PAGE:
After a few minutes, an assistant to the director ushered us into another room, where he quizzed us on what records we wanted to use. After another wait of some time, we were then ushered in to see the director. Here, a twenty minute lecture was given. I did not understand it but in the opinion of our translator it was condescending and the basic message was that family historians were not particularly welcome and we were certainly not qualified to be poking around looking at documents. We were finally allowed into a room to begin our searches. A security camera's unblinking eye added to the 1984 aura of the whole experience.
My first relief came as I discovered the records to be in Latin, despite the director's assertion that they were in "Ukrainian." After an hour of searching, I found a reference to an ancestor. Several more turned up, but then it was closing time. I would have to return tomorrow, but the director's attitude had me worried. I would be on my own, with little knowledge of Polish, and no help in getting around the director. The thought of being so close and not finishing the task was maddening.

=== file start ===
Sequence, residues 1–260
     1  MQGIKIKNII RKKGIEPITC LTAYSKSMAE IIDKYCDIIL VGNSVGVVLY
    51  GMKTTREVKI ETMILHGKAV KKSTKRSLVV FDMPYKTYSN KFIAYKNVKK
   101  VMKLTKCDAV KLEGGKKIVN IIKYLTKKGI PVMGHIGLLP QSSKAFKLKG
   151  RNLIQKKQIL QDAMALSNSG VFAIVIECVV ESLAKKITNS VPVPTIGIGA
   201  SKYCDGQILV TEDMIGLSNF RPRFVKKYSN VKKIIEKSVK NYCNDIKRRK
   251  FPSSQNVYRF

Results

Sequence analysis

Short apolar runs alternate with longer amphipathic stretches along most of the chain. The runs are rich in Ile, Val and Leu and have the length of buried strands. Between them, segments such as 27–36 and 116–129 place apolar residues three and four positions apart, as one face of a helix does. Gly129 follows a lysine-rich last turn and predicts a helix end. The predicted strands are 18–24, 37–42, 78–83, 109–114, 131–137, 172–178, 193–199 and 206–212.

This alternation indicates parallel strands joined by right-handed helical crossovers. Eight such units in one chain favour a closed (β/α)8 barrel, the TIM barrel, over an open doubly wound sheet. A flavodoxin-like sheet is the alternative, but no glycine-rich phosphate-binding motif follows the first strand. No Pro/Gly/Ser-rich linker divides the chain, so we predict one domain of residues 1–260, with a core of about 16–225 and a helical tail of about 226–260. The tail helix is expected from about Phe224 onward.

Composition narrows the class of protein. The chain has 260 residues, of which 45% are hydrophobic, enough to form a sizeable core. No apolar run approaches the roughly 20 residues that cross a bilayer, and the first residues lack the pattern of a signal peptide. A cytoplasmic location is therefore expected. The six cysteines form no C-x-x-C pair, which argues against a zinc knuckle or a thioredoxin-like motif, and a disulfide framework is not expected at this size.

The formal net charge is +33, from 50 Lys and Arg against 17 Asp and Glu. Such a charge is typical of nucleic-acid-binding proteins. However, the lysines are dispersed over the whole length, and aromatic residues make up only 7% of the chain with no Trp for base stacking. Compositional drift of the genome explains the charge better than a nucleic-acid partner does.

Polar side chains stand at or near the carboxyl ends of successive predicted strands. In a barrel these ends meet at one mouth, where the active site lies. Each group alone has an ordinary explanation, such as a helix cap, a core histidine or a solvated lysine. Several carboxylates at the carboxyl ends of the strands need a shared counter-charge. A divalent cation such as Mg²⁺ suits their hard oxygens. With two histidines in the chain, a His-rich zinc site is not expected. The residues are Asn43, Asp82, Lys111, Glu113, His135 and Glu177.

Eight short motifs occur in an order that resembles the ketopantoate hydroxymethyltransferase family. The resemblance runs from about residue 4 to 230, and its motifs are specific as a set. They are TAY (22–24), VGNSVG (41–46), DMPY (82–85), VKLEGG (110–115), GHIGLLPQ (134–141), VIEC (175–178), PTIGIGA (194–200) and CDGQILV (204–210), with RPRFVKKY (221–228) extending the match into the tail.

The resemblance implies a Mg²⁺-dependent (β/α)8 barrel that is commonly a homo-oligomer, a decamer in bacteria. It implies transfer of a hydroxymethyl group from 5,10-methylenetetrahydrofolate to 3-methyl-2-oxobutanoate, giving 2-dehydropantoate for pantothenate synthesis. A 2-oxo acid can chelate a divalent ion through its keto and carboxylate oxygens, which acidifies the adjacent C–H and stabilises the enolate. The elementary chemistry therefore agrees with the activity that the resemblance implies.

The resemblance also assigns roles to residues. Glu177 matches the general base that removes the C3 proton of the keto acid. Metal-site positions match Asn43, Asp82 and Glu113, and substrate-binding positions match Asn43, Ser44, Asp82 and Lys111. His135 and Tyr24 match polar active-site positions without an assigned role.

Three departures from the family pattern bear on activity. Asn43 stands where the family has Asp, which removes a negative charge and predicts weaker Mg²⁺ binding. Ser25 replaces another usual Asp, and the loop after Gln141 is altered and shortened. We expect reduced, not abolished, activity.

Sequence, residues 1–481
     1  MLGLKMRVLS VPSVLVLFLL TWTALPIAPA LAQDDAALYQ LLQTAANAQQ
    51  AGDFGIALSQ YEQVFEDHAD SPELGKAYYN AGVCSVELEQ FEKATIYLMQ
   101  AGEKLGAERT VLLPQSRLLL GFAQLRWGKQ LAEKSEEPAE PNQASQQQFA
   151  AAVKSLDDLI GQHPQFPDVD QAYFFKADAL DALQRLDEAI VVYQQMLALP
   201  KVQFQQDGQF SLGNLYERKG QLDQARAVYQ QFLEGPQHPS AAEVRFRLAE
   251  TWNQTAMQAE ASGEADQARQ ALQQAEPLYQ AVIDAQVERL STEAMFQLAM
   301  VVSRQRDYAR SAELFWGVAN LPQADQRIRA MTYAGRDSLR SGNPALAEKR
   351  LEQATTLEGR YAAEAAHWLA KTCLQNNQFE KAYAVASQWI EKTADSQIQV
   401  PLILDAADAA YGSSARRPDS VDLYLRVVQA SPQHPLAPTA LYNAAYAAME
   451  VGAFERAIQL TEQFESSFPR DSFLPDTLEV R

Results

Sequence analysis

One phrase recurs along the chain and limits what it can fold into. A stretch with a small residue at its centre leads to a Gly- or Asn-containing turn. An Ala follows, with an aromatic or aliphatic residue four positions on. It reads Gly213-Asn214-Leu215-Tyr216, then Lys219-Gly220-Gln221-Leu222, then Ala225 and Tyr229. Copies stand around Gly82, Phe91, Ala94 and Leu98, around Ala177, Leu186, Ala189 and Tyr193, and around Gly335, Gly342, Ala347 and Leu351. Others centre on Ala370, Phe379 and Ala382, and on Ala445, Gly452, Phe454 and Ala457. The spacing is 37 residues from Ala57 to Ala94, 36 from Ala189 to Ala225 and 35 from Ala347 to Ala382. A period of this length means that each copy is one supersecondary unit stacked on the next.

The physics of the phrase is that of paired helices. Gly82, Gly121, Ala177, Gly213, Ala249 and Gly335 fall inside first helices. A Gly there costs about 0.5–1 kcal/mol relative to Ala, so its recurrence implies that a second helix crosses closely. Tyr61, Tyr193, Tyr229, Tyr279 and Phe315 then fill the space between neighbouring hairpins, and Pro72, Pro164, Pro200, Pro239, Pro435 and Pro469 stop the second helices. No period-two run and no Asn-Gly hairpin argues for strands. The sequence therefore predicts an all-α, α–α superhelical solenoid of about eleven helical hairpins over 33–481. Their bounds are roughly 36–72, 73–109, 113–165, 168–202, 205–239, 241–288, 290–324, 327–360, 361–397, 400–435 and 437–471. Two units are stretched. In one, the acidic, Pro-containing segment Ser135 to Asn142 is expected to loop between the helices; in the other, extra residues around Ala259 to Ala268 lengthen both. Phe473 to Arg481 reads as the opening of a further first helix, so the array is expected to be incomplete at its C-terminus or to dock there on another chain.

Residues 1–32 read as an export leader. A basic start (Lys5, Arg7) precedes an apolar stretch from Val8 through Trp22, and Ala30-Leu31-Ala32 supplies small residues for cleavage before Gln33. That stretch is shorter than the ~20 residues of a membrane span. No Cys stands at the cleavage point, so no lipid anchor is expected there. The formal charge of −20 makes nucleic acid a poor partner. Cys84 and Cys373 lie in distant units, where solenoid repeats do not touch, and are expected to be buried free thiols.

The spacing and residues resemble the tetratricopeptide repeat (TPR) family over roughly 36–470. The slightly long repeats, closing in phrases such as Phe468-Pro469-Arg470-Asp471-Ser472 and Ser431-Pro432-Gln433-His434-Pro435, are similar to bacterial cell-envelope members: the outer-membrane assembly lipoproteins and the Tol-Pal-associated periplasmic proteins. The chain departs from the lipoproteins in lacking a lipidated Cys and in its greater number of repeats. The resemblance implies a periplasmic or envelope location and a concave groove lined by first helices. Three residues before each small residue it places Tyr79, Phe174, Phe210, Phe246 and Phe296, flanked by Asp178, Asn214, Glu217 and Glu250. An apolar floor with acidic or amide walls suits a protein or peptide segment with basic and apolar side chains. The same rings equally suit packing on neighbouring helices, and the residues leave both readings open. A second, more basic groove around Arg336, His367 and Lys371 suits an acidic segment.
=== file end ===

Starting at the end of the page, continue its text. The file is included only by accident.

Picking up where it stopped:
Fortunately, the guard at the desk the next day was friendly, and I avoided any problems. In a marathon session. from 9am to 6pm, without breaks, I traced my family from the mid 19th century to the mid 1700's. They had lived in the village, in the same house, for probably hundreds of years. They had probably first come into the area in the 14th century, during the reign of Kazimierz the Great.